Solitude, Isolation? How Can I Tell The Difference?

I know these days so many of us are spending more time at home, more time alone.

For introverts or wounded hearts not having to turn down invitations can seem like a gift.

But it’s easy to slide from solitude (healthy, restorative alone time) into isolation (unhealthy, depleting separation). So I ask myself a few questions to help sort it out.

If you are feeling increasingly alone and forgotten, full of despair and abandoned, you might want to use this checklist too.

Even in this era of social (physical) distancing a heart can and absolutely should seek out community.

It’s what we were made for.

I’ve always loved my alone time.

As an introvert (who can, if pressed pretend not to be!) my energy is restored when I interact with one or two folks or no one at all.  A dream afternoon is writing while listening to nothing louder than the wind chimes outside my door.

I treasure solitude.

Since Dominic ran ahead to Heaven, I find I need even more alone time than before.

That quiet place is where I do my most effective grief work, undisturbed by interruptions and distractions.

But I need to be careful that solitude doesn’t shift into isolation. 

Read the rest here: Solitude or Isolation? Which is it?

The Sound of Silence

Busy, busy, busy and noisy, noisy, noisy.

Every day is full of activity and every minute full of sounds-television, radio, Itunes or Pandora.

holy-solitude

 

 

I am, at the same time, hyper-connected and dis-connected. My mind is often full but my heart can feel empty.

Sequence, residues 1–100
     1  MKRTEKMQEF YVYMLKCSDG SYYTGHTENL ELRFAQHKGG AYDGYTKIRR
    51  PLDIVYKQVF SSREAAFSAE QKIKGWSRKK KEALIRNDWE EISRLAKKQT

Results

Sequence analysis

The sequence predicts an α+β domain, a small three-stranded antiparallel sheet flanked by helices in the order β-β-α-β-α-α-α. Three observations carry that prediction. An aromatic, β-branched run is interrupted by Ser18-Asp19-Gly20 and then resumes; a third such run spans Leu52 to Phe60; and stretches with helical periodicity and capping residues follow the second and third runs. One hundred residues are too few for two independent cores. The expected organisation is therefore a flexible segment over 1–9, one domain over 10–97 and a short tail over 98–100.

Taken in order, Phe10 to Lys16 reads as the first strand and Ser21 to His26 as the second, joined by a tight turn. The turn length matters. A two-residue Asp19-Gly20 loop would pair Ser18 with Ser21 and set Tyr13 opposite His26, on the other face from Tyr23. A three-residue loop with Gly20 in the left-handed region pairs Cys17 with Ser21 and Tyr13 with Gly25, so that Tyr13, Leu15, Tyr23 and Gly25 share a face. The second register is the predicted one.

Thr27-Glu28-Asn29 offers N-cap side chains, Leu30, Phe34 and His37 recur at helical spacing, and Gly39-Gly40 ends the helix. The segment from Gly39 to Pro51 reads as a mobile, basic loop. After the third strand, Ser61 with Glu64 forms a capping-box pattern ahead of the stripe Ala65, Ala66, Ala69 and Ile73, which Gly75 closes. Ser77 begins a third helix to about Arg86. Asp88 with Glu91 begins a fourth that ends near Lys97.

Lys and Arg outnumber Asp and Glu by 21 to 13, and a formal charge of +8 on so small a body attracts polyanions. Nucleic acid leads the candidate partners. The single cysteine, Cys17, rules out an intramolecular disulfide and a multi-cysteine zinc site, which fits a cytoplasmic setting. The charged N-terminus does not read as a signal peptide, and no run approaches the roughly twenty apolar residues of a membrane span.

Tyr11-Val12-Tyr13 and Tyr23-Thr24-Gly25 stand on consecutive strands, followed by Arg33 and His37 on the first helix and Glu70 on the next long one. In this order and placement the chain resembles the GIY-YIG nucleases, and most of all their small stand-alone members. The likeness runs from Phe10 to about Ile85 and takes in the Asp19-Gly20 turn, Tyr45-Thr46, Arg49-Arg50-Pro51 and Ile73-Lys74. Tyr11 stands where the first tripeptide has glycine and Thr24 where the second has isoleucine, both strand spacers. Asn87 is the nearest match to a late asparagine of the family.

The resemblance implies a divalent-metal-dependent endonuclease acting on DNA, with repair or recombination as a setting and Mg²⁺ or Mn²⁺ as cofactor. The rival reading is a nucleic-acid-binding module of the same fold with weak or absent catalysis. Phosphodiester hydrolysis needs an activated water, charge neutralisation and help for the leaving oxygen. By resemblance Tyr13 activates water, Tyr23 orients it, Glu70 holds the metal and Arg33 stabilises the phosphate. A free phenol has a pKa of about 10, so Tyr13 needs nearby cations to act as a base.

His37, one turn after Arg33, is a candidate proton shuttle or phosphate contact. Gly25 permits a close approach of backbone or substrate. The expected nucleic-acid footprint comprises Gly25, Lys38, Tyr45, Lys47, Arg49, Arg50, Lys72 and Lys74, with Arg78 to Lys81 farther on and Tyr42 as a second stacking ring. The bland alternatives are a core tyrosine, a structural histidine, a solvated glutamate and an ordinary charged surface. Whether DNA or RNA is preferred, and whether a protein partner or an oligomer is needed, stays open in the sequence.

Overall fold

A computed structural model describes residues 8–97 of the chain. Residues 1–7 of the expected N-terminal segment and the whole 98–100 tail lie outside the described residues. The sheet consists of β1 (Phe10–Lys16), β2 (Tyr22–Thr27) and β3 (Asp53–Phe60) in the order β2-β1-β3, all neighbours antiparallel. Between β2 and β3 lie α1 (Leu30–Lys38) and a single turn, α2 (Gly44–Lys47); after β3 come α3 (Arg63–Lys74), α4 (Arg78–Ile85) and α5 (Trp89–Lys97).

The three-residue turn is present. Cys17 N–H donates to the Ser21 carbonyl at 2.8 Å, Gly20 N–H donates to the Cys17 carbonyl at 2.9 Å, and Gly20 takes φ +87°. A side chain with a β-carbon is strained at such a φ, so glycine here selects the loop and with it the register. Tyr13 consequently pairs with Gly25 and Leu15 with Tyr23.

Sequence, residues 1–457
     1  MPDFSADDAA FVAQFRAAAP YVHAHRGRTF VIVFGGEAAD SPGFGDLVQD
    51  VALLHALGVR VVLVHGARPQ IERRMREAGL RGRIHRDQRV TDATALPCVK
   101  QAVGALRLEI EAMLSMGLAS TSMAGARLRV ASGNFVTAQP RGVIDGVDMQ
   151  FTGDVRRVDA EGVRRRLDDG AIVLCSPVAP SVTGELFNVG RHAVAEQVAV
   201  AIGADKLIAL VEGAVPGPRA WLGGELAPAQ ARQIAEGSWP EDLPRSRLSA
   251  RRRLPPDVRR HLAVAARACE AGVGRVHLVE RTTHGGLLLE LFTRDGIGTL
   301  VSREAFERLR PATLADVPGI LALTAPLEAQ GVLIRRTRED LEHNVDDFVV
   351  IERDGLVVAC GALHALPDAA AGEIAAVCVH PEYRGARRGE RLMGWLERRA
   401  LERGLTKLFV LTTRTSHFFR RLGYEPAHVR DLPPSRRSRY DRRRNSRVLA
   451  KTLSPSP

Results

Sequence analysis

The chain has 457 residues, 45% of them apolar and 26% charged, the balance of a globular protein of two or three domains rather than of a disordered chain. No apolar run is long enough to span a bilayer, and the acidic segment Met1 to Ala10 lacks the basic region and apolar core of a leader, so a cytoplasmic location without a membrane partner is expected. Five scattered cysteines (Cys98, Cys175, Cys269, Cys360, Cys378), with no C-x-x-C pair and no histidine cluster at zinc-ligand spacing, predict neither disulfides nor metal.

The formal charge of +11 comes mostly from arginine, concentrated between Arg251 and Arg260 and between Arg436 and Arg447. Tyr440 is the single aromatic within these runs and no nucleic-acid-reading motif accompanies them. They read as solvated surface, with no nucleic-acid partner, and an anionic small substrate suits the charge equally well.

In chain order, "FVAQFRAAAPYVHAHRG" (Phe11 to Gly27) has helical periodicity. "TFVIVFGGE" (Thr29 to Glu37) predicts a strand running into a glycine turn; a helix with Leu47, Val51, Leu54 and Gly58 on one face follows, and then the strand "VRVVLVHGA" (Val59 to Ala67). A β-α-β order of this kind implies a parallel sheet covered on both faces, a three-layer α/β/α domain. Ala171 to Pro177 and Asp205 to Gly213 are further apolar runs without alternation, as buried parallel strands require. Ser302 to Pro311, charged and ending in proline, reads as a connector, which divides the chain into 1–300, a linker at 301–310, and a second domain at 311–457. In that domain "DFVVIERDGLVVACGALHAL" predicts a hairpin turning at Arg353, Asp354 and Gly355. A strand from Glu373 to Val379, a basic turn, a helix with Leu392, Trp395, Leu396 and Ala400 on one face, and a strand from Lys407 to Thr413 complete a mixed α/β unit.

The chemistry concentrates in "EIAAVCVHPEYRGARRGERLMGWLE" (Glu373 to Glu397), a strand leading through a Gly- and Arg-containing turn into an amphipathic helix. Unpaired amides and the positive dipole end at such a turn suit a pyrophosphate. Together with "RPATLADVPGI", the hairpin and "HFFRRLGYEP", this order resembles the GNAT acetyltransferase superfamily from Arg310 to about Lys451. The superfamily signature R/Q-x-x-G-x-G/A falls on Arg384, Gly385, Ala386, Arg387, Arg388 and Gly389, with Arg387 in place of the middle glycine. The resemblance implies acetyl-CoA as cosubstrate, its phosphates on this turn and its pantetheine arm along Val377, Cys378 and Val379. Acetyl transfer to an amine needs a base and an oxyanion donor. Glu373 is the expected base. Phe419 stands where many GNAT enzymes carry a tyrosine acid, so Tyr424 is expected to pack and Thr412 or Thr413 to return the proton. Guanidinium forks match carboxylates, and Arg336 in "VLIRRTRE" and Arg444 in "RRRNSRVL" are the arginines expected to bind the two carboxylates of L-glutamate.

If I can move fast enough or create sufficient distraction, then maybe I can ignore the harder questions, the deeper thoughts, the uncomfortable feelings that I would rather not explore.

Being in one’s own company alone with God is challenging.  Without the noise of outside distraction I am forced to face my fears and hidden darkness.  And in the quiet I find that the easy answers leave me empty and unsatisfied.  I must listen carefully for the still, small Voice that whispers comfort.

If I want to hear from God I need to embrace solitude and make space to hear.

 

 

Embracing Solitude, Making Space to Hear

We strive so hard to fill our days–our feet barely hit the floor and we are rushing to get ready, to get in the car, to go somewhere, do something.

And should there be the rare morning when our schedule doesn’t demand our attention, we sleep it away and then turn on our noise machines to provide a soundtrack for breakfast, lunch and dinner and everything in between.

One statistic notes: “our homes have more television sets than people. And those television sets are turned on for more than a third of the day—eight hours, 14 minutes.”  (USA Today)

We are afraid to be alone.

Afraid to listen to my own heartbeat and thoughts and to consider my own questions.  So I fill the space with distractions and push away the necessity of facing them.

But grief will not be ignored.

It will not allow me to pull the covers over my mind and hide beneath them.  I cannot turn the music or television up loud enough to drown out the rhythm of sorrow keeping time in my head.

I am re-reading “A Grief Observed” by C.S. Lewis.

It comforts me that this man who was an intellectual giant, a creative genius, and a thoughtful and capable apologist for the Gospel, struggled just like me when faced with the sorrow, pain, loss and questions of grief.

And, contrary to what I wish were true there are not answers available for every question.

Quoting Bible verses does not soothe every frayed nerve.

There are not rock-solid assurances that sweep away every doubt.

Being in one’s own company alone with God is challenging.  

Without the noise of outside distraction I am forced to face my fears and hidden darkness.  

with you always

 

And in the quiet I find that the easy answers leave me empty and unsatisfied.  I must listen carefully for the still, small Voice that whispers comfort.

In the end, it is to Jesus Himself that I must cling.